A Safety Management Approach
Bob Lapidus, CSP, CSMS
Monday Morning, 8:00am
The main facility is due its weekly inspection. I have too much paperwork to do. I will skip this week’s inspection and do it next week.
Tuesday Afternoon, 2:00pm
I really need to talk to my boss about getting increased funding for training, but she seems never to have time for me. I will wait to see when I think she might be more open to my request.
The safety committee is supposed to meet. If only a few show up I will cancel the meeting. We all have so many other things to do and we rarely get anything finished at these meetings.
Thursday Morning, 10:00am
We need to review all our safety programs. I wonder if I can get by doing the review at the beginning of next year.
Friday Afternoon, 3:00pm
It’s personal protective equipment (PPE) check time, one of the most boring jobs that I have. I will postpone this task to see if someone else might be willing to do it.
Stalling to do what needs to be achieved is a human condition. There are activities we love to do while there are other activities that bore us to tears or include monstrous obstacles, mountains we would just rather not climb.
It is called procrastination, from the Latin words, pro (forward) and cras (tomorrow) meaning putting something off until another day (or sometimes another week, month, or even another year). Sometimes what we put off never happens.
In safety, putting something off could be disastrous. Truly, procrastination could be the reason a job is performed unsafely, or a piece of equipment is not maintained, or a safety policy or procedure is never written.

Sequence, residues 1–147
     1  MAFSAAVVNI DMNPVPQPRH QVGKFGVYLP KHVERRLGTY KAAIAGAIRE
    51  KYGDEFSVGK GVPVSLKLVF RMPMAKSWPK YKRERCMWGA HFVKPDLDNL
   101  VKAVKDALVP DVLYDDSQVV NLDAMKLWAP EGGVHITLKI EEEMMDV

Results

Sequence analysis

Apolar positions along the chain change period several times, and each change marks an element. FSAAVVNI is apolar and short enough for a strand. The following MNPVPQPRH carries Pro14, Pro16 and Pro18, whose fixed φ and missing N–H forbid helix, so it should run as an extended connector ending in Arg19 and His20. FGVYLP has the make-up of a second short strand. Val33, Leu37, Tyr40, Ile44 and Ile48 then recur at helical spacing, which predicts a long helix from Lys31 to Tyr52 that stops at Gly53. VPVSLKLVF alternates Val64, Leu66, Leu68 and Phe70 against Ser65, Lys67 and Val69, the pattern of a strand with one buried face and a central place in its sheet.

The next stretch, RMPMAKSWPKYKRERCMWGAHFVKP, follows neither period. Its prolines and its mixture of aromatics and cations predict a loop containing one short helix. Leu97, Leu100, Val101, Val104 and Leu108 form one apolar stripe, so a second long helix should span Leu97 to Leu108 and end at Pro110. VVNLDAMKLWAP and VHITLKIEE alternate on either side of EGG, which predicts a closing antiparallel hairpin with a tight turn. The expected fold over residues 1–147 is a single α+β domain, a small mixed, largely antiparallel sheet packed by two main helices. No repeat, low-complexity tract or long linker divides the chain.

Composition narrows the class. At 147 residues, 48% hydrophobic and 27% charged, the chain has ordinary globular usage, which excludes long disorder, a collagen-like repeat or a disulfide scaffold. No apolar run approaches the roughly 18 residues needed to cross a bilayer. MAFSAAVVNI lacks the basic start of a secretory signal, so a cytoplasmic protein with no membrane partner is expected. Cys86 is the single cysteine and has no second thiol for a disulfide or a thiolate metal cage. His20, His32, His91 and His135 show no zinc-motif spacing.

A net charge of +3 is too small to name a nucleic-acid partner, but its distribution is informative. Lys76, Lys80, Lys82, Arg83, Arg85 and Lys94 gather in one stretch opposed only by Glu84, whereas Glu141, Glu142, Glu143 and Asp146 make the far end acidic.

Some examples include:
1. The monthly fire extinguisher check is not carried out – in the event of a fire, a fire extinguisher is not fully charged and fails to provide an employee with sufficient fire extinguishing agent. The employee could then be vulnerable to engulfment in a fire.
2. A PPE assessment has never been accomplished resulting in employees not wearing safety protection, and leaving them open to sustaining an injury.
3. No policies and procedures are in writing. Nothing is documented on how to work correctly or what has been done to implement proactive programs.
4. How to do a job correctly is not taught so employees fail to know how to do their tasks in a safe manner, let alone efficiently, productively, and without error.
Stalling means procrastinating, postponing, delaying, dawdling, dragging one’s feet…putting off until another day that never comes. Very few things in life work out for the good that are left until another day. We need to prioritize what needs to be acted upon, and then move forward moment by moment to get things completed as soon as possible.
After completing this nine-day program, graduates may take the exam to achieve the Certified Safety Management Specialist (CSMS) designation. Recipients of the CSMS receive a beautiful plaque and become part of an elite group of safety specialists who have achieved this recognition. Once this certification is attained, successful candidates keep it for the rest of their lives without any additional requirements or fees.